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No One Is Trying to (Really) Work a 4-Hour Workweek

by | Jul 25, 2022 | Financial Freedom, Money

A 4-hour workweek is lifestyle p*rn.

It became popularized when Tim Ferriss launched his famous book “The 4-Hour Workweek.”

Many people misunderstood the key message. It was more about doing work you enjoy and automating repeatable tasks than actually working only 4 hours a week.

If we only worked 4 hours a week we’d be bored out of our minds. We’d find ourselves scratching our heads and saying “Is this all there is?”

I tried the 4-hour workweek a few times in my career. Never worked. All I felt was empty inside, like I was living a lie. Don’t live a lie, trust me.

Financial independence isn’t what you’re chasing either

Financial independence sounds nice in theory.

The truth is you’ll never have enough money. You’ll always want more. Lifestyle creep will guarantee that the goal posts keep moving as you make more money throughout your lifetime.

To be “independent” sounds lovely. You know what else it is? Lonely as freaking hell.

Getting rich is another bear trap

Rich people are snobs.

They earn money to elevate their status. They’re selfish. They think money is the goal. They treat money like a game of football. Whoever has the most wins. Whoever has the least is a loser.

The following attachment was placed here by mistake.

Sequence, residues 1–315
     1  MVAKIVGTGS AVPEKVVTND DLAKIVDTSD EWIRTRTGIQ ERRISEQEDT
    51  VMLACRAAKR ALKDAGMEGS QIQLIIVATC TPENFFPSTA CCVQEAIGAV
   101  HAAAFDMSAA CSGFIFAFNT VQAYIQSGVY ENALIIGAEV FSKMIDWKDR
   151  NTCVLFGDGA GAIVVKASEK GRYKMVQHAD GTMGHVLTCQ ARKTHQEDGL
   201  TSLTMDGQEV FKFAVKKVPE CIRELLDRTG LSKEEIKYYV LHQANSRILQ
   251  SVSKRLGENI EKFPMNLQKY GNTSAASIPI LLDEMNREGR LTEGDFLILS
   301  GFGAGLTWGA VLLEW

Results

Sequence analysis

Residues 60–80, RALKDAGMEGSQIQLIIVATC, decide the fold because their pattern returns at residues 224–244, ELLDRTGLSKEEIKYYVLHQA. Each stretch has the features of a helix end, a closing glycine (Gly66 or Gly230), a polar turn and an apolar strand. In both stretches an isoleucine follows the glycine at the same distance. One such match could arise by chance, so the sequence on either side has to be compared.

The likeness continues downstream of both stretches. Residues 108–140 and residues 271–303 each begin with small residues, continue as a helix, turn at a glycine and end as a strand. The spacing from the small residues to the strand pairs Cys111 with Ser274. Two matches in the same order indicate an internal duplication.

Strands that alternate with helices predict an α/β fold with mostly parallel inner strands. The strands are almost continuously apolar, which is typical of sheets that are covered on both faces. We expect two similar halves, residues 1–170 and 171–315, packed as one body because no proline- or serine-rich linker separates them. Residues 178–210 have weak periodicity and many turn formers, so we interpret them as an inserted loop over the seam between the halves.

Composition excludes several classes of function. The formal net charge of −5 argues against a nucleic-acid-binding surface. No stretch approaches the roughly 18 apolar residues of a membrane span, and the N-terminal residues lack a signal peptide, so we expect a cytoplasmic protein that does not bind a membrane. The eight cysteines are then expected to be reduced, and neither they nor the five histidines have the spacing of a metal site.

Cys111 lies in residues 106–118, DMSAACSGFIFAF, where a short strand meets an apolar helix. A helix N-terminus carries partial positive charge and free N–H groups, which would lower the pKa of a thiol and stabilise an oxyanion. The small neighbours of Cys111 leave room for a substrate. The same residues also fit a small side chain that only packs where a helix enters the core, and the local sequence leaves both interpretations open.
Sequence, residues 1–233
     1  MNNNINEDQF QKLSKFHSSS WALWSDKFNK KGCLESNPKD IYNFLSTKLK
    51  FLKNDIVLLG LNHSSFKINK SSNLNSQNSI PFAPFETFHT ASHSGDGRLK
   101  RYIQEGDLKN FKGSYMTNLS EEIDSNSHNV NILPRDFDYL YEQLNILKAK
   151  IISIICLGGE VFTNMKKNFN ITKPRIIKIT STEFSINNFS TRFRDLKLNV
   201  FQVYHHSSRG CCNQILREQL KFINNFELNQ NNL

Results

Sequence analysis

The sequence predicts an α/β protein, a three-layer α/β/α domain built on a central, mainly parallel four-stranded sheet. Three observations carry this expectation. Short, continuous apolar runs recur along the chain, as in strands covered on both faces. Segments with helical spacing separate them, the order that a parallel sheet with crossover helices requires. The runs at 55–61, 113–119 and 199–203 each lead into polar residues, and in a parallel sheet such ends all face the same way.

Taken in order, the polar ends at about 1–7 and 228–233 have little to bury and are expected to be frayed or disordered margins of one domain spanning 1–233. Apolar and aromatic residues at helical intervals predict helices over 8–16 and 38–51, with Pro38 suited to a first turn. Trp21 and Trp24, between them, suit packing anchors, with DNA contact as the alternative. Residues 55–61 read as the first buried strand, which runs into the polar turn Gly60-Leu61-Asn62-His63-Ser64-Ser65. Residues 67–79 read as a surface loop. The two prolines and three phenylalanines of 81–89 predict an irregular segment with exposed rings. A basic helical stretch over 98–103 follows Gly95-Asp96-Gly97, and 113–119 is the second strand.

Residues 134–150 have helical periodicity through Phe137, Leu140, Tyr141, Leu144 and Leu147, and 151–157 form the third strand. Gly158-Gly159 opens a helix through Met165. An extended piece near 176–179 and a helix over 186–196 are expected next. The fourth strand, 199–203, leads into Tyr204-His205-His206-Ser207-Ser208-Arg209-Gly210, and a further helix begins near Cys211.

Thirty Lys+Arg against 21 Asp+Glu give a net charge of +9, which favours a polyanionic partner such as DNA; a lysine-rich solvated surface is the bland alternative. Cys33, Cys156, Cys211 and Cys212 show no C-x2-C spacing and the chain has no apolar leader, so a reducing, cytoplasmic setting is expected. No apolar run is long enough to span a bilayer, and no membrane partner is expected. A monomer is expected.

That’s no way to live.

Pretty soon, if you choose this life, you’ll find yourself full of hate, jealousy, and envy. You’ll fall for the comparison game and InstaGlam will have you by the curly ones, ready to make you jealous of all the things you don’t have.

I fell for this trap. In my 20s I had some success and more money than I could spend. So I became a terrible human for a few years until life b*tch slapped me (thankfully) back to reality.

Failure really is humbling.

The FIRE Movement isn’t it either

This one blew up on Reddit. Mr Money Moustache spread the idea like wildfire through the Western World.

All you have to do is work your face off now, even if you do work you hate, so you can be happy at some point in the future when you retire early.

You’ll have to be a giant tight ass too. Save every dollar. Have no fun. Lack generosity so you can save money, which means not shouting friends drinks or gifting presents when they have a kid.